Roger A. Scholl age 87, passed away on Wednesday May 2, 2018, after a lengthy battle with renal failure. He was born on June 17, 1930 in Bristol, Ct. to Helen and Albert Scholl. His mother later remarried and Roger became the stepson of Eddie Wittstein. He was the beloved husband of Connie Scholl. Cherished father of Roger R. (Janet) Scholl, Edward Scholl, Tracy (Randal) Kyle-Hitchens, and Kristen (Pete) Ruiz. He was much loved by his step children, Anthony (Sheila) Naghsh, Mark (Minh) Naghsh, Metra (Ralph) Appa, and Alexandra (John) Browning. This blended family produced 15 grandchildren and 2 great grandchildren. Brothers: Morton and Leonard Scholl. Cousins: Ray, Alfred Bussett Jr. and Joan Brooks, predeceased him.
During the Korean War, Roger served in the Navy aboard the USS San Pablo. He was an oceanographer. Many times the sea in the Arctic would send 100 foot waves over the ship. He said it made him a little nervous, although he was a great sailor.
After his discharge from the Navy he studied watch making and became a registered jeweler and a gemologist. Working as Manager of Schneider’s Jewelers in Kingston, NY before moving to Boston, MA There, Roger worked for Shreve, Crump and Low a jewelry store. He was the first to sell over a million dollars worth of jewelry in the history of the company. They called him “The Million Dollar Man”. He worked there until he retired in 1995
That was when he took to the sea again. Roger signed onto a Greek cargo ship named “Athena”. Traveling through the Panama Canal, the Azores and the Bahamas, he learned to navigate by the stars.
In 2002, the cottage on Cape Cod was sold and Roger and Connie became land locked in the dessert. One of his favorite sayings was “you don’t have to shovel the sunshine”.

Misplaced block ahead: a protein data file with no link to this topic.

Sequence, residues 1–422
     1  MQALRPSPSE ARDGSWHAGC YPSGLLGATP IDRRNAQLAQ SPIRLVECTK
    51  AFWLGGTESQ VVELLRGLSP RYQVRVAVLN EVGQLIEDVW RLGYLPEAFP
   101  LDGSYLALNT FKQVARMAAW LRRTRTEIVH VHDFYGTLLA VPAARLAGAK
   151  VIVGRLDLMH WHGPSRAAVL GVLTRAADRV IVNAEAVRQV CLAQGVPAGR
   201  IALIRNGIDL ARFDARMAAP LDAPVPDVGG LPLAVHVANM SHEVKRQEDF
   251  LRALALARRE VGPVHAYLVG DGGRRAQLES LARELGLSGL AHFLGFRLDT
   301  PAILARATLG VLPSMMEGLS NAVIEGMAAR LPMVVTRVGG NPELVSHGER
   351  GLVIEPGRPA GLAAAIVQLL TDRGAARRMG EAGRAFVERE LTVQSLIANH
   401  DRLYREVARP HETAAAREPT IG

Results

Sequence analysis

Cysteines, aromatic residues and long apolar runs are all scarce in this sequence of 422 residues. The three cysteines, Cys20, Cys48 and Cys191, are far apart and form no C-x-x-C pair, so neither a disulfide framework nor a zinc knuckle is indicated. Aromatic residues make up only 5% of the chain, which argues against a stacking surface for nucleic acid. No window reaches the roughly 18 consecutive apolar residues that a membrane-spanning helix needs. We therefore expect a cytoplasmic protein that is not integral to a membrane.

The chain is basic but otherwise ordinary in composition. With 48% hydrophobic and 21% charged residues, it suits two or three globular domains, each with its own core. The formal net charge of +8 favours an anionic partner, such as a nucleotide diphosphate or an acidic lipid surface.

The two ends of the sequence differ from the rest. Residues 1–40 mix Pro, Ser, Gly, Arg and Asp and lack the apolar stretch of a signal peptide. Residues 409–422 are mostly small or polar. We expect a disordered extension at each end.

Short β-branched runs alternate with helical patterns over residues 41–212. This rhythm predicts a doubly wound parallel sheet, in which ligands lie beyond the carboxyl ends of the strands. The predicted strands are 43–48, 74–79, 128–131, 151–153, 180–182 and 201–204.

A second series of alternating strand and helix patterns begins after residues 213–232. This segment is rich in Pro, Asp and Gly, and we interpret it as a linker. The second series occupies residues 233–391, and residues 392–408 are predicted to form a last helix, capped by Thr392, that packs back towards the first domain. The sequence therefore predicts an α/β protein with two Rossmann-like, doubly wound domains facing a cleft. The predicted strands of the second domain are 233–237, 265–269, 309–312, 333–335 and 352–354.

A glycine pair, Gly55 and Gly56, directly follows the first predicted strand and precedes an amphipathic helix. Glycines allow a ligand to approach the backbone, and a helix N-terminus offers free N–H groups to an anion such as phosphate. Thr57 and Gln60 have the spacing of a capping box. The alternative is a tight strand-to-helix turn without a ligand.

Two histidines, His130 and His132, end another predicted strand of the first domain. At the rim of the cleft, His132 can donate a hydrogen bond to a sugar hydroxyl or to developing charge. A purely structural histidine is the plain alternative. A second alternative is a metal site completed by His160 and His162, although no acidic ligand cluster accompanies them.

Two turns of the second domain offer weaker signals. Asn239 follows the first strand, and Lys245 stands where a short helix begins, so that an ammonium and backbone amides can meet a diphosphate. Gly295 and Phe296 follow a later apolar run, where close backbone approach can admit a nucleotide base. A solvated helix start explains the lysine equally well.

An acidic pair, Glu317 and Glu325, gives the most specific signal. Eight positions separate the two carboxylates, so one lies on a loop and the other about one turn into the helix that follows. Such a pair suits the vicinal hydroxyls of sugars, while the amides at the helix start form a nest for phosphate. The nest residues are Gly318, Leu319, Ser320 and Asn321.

Everything Roger did, he did with a passion. When he decided bowl, he joined 2 leagues. He played golf all summer, but only up to 106 degrees. He loved baseball, so of course he had season tickets. He adopted the Diamond backs because he lived here. But his favorite team was the St. Louis Cardinals. The story goes that when he was 8 years old, all of his friends supported other teams and laughed saying, who could like St. Louis. But of course he loved the underdog.
Roger started volunteering with the Mayo Clinic Center for Humanities in Medicine in October 2002. He was an integral part of the Atrium Music Series, working closely with a large roster of musicians and greeting visitors at weekly concerts. He volunteered for 15 years, 4 months and gave 1755 hours to Mayo Clinic.
He filled the room. His jokes were nonstop. At work he would tell jokes all day long on the phone. He leaves a legacy of “Roger” stories. Traveling with him was always an adventure, friends met, stayed friends for years. He will be sorely missed, there will never be the likes of him again, and he was loved by all who knew him.
In lieu of flowers a donation to the Kidney Foundation would be appreciated but a random act of kindness would be appreciated even more. Remember to hug each other. Roger loved hugs the most.